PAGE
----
THE CHRISTIAN AND AMUSEMENTS
Dr. Edwa rd Judson says in Christian Work, the development of the
insinct for play is one of the most striking features of the advance of
civilization during the last quarter of a century. The working man de-
mands more leisure for recreation. Holidays are mulitplied. The public
goes mad over football, baseball, basket-ball. and boat races. People go
earlier to the country and stay later. The cities are environed by an end-
less succession of parks, beaches and summer resorts. In old times there
were only hunting and fishing. Now we take tip one by one, croquet, lawn-
tennis, golf. the kodak, the bicycle, the motor cycle, the automobile. The
world is learning how to play. This is one of the key-notes of our age.
What is the Christian attitude toward all this? Is it right for the
follower of Christ to play What view shall he take of doubtful pleasures,
as smoking and wine-drinking and card-playing and dancing and theatre-
going? Feeling his way through the intricate labyrinth of modern society,
has the Christian any clue?
While these questions cannot he answered off-hand, there are certain
clear principles that guide us like heavenly constellations:
I. The first condition of moral insight is the surrendered will, an
absolute willingness to take either one of two alternative courses that seems
to its more right. Blessed are the pure, in heart, for they shall see God.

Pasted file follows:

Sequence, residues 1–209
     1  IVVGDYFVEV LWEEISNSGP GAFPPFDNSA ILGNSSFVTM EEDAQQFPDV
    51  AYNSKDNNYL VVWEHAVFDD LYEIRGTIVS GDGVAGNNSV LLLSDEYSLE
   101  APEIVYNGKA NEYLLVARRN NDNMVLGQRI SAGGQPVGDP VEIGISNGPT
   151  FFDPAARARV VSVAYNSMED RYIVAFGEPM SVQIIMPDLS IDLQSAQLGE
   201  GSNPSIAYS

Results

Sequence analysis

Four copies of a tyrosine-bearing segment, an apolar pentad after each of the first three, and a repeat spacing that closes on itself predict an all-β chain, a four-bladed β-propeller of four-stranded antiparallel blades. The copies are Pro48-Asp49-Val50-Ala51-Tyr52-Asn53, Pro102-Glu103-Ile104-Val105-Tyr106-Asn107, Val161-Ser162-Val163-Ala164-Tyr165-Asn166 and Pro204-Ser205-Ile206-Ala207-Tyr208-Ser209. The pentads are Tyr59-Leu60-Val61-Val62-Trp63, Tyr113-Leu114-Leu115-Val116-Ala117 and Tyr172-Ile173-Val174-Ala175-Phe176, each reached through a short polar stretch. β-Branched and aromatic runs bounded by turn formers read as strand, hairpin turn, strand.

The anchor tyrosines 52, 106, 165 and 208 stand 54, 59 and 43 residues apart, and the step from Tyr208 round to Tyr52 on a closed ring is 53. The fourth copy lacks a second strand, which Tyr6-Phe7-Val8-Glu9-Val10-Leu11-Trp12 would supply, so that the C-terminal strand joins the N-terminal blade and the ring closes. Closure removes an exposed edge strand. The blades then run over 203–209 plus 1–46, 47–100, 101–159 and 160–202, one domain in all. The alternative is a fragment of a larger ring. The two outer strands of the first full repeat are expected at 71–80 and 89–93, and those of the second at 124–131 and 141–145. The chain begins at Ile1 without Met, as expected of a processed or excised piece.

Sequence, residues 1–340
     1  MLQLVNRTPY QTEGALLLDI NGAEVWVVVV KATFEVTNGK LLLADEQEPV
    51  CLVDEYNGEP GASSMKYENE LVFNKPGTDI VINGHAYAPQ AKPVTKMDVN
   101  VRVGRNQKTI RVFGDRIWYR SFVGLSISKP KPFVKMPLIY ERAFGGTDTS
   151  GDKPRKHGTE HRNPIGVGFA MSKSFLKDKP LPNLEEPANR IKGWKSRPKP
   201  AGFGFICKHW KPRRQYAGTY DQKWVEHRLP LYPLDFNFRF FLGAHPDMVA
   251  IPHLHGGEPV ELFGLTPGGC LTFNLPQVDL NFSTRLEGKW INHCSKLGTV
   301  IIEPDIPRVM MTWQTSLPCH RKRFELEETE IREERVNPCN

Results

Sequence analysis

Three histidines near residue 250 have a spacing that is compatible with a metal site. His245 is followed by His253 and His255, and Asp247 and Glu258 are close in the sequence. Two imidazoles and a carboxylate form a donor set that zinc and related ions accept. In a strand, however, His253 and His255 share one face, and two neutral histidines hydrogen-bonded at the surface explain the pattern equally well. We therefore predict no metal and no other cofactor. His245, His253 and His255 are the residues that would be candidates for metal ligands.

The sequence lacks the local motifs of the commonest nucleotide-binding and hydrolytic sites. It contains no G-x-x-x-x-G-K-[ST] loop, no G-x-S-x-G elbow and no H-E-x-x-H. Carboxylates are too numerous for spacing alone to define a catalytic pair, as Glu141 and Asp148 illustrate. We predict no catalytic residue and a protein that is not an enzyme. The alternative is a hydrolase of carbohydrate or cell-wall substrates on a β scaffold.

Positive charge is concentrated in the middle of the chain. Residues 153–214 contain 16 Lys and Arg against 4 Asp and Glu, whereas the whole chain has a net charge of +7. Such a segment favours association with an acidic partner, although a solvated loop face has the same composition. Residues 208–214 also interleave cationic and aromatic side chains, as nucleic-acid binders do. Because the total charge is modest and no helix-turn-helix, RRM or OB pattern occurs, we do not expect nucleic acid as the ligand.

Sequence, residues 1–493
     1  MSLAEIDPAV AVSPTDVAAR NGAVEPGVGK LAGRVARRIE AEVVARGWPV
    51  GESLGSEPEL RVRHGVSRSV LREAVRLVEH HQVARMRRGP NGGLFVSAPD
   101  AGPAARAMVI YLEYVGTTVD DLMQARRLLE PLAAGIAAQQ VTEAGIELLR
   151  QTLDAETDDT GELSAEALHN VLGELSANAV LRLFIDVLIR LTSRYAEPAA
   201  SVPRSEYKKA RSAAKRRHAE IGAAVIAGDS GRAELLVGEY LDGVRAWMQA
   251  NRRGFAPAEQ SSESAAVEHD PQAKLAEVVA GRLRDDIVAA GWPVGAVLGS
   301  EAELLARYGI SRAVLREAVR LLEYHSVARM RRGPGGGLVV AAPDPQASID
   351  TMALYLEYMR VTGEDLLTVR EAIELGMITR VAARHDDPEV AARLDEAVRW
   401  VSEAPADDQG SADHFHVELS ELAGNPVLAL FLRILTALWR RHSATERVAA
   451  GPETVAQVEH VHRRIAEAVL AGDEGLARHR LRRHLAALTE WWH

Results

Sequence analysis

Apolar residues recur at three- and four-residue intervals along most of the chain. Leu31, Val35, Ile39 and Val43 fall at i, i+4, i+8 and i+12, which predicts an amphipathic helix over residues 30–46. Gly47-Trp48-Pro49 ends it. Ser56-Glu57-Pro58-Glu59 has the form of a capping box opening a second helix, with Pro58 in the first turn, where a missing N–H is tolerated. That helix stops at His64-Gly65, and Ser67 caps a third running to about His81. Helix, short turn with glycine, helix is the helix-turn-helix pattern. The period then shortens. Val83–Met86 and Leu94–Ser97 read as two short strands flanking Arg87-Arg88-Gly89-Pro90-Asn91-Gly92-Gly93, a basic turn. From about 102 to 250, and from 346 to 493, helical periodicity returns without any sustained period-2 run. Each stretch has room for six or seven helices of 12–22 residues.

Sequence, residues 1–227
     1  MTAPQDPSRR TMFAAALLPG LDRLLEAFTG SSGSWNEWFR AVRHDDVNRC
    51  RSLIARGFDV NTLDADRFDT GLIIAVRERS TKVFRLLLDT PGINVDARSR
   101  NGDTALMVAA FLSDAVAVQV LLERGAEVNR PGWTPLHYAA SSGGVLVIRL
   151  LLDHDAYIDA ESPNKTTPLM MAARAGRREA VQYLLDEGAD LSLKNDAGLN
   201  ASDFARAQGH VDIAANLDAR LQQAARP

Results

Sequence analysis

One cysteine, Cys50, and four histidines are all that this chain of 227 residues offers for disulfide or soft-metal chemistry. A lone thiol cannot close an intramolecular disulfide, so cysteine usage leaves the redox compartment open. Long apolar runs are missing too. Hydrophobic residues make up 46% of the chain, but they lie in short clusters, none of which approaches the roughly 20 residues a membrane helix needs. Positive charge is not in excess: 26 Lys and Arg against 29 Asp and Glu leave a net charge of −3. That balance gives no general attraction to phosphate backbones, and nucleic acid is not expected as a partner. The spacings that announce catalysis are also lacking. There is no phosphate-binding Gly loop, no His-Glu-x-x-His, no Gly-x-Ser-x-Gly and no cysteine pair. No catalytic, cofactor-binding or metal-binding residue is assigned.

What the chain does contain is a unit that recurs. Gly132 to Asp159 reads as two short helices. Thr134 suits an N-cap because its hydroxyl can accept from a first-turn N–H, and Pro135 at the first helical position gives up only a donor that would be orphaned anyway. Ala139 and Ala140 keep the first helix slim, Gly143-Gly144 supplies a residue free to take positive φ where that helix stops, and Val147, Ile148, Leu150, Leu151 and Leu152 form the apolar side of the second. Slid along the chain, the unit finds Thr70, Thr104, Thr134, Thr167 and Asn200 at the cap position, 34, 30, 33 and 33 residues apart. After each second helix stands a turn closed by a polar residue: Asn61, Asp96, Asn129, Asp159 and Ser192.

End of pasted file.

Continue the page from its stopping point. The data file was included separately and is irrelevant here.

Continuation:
Our self-will, like breath, makes a little film on the window pane so that
we cannot see clearlv the vision of beauty that lies beyond. If our will
be to do his will, we shall feel the presence of the firm hand that guides
us. Conscience must be obeyed, right or wrong.
2. Our own conscience must he used. We must decide for ourselves.
Each man must give answer for himself to God. We must not look around
for some stronger nature against which to lean. This is the wrong use to
which to put a minister. He is not a kind of priest to silence or intensify
your scruples. The New Testament even gives no categorical answers to
these social questions. It lays down great principles so that our moral
sense may be strengthened by grasping them and applying them to each
case. We are not to depend upon others for an answer, but to train our
own conscience by keeping it in constant use, as a hunter's eyesight grows
keen through his frequent and sustained efforts to perceive small game in
the thick woods. The priestly way of deciding such questions, one for
another, causes the moral vision of the one who seeks counsel to be im
paired through disuse and week dependence upon whose sight he thinks
is keener than his own.